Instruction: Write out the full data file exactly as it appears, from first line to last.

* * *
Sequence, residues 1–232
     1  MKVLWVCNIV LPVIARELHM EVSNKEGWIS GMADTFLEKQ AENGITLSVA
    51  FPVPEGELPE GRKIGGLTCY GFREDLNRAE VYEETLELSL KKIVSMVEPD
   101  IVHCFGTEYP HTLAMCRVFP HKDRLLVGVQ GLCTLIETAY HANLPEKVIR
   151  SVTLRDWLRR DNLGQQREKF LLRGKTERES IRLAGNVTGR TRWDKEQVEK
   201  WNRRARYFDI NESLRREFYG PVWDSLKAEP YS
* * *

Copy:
Sequence, residues 1–232
     1  MKVLWVCNIV LPVIARELHM EVSNKEGWIS GMADTFLEKQ AENGITLSVA
    51  FPVPEGELPE GRKIGGLTCY GFREDLNRAE VYEETLELSL KKIVSMVEPD
   101  IVHCFGTEYP HTLAMCRVFP HKDRLLVGVQ GLCTLIETAY HANLPEKVIR
   151  SVTLRDWLRR DNLGQQREKF LLRGKTERES IRLAGNVTGR TRWDKEQVEK
   201  WNRRARYFDI NESLRREFYG PVWDSLKAEP YS